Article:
• Raid configuration is on the drive(s); set up solely on true pcie x4 slot or x8 or x16 slot solely, obtain newest drivers from vantecusa web site.
  • four channel for four storage gadgets like ssd or hdd. this card will allow you to develop as your wants develop so as to add extra gadgets to your system.
  • 1 port multiplier perform for multi-bay enclosures (four drives), help each fis and command-based switching.
  • Assist home windows xp, server 2003/2008, vista, 7, eight, eight.1, 10; for raid use, should do a brand new clear set up of the os as well.

9. JESOT SATA Card 4 Port with 4 SATA Cables, 6 Gbps SATA 3.0

  • [high performance] – the four port sata controller based mostly on marvell 88se9215 chip, extra secure and wider suitable. port multiplier fis-based and command-based switching supported
  • [for all pcs] – our pcie to sata iii four port enlargement card comes with a low profile bracket and four sata cables, suitable with most chassis available on the market. match for pcie x1/ x4/ x8/ x16 slot
  • [efficient] – you may add 4 6gbps/s sata three.zero gadgets to your pc with the pcie sata card and four sata cables. backward suitable to 1.5 gbps/s and three gbps/s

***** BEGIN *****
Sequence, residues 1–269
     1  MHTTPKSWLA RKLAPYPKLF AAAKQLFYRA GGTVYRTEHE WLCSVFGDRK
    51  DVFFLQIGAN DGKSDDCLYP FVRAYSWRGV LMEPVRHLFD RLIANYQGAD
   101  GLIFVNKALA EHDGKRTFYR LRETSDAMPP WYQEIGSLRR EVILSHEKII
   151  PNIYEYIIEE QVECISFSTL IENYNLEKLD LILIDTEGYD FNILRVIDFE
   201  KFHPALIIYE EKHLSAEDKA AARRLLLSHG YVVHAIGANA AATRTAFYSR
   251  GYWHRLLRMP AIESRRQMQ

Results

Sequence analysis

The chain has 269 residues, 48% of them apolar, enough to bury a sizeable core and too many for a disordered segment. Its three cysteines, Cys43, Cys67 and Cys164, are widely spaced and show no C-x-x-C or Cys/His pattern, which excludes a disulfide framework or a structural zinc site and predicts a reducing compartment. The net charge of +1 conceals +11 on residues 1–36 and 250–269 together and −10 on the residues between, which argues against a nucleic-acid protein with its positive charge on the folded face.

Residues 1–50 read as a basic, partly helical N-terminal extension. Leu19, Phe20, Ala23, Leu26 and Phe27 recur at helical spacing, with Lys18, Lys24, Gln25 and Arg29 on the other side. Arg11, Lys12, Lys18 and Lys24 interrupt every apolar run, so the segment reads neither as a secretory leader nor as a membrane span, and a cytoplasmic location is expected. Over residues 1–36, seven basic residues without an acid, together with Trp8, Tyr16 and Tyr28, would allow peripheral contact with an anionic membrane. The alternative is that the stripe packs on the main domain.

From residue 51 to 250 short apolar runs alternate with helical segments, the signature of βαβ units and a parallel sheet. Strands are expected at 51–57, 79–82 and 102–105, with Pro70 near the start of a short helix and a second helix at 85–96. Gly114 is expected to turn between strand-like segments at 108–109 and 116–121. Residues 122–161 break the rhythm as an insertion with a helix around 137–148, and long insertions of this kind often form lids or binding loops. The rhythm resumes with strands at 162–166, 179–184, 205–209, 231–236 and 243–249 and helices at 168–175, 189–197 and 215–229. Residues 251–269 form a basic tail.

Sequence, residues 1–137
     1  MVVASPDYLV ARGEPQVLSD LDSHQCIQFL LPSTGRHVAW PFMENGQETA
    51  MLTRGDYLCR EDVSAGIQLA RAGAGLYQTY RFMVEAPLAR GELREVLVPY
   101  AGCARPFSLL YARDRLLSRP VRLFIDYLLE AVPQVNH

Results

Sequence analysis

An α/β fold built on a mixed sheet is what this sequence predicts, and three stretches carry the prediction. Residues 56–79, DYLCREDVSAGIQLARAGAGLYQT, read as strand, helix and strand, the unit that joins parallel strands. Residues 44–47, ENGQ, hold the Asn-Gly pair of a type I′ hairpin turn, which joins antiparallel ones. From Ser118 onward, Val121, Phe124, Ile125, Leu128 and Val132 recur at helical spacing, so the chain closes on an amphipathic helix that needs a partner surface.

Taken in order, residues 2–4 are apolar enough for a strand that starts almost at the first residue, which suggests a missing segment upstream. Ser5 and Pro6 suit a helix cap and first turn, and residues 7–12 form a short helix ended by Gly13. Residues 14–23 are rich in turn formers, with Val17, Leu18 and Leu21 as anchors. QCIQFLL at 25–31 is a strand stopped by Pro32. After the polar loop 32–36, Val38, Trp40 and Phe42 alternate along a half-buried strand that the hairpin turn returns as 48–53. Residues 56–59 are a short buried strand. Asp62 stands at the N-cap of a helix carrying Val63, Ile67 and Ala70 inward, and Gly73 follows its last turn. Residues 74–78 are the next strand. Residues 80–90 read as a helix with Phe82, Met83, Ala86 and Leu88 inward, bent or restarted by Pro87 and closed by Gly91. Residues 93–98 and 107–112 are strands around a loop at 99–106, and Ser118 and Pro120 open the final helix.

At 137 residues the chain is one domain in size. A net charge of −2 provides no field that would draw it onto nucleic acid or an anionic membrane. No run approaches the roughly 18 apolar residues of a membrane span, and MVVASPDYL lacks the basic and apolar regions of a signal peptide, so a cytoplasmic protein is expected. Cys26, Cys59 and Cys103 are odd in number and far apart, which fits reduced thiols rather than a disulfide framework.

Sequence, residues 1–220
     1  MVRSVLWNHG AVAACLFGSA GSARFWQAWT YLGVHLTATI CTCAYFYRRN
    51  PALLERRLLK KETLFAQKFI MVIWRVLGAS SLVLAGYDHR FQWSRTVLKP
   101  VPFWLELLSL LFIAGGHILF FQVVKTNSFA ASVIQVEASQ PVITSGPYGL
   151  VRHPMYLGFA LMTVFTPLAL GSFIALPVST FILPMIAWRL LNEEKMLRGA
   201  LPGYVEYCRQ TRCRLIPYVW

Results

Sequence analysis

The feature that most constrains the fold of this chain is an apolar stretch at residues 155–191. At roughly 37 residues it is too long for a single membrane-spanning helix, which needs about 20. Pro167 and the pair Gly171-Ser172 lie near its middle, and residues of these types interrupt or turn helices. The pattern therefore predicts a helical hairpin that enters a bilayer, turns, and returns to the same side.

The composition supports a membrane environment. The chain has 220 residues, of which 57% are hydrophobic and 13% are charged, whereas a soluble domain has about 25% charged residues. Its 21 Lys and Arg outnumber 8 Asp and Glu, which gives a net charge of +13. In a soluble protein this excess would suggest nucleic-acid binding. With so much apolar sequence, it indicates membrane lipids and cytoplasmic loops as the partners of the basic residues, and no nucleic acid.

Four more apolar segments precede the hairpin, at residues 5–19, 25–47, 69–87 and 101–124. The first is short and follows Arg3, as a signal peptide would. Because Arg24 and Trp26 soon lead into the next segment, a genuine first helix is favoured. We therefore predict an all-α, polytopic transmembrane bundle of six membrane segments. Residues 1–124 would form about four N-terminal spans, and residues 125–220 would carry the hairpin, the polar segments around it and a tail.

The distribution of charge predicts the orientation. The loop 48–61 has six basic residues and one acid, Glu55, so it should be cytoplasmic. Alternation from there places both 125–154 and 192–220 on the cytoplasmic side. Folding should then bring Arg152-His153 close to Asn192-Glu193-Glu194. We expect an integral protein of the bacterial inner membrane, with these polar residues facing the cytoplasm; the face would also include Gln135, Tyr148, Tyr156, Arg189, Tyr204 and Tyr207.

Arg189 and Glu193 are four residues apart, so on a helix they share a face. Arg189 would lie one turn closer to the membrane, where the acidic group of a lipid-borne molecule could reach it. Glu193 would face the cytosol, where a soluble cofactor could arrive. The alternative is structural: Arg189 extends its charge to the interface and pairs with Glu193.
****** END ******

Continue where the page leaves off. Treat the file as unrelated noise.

• [support system] – the sata enlargement card helps home windows xp/ 7/ eight/ 10/ mac/ nas/ linux os, no driver required. help set up home windows os from win10 pe
  • [please note] – you may make the system as well from this sata card however non raid. but when your motherboard has raid perform, you may make a raid with this sata card

10. Rivo 4 Port SATA III PCIe 3.0 X1 Controller Card, PCI Express to

  • Appropriate with sata 6g, 3g and 1.5g exhausting drives
  • Helps sata rev three.zero switch speeds as much as 6.0gbps and backwards suitable with sata i/ii at 1.5/three.0gbps
  • four inner sata 6gb/s ports
  • Pci-express x1 interface is suitable with pci-express x4, x8, and x16 slots
  • Helps any os like home windows10/eight/7 (32/64 bit) / vista (32/64 bit) / xp/2003/2008/linux. system necessities: one obtainable pci categorical x1, x4, x8 or x16 slot.

Dinu das

Tech specialist. Social media guru. Evil problem solver. Total writer. Web enthusiast. Internet nerd. Passionate gamer. Twitter buff.

Sours: https://bestgamingpro.com/raid-controllers/
  1. Bad grammar meme
  2. Cash app tag
  3. Markham court phone number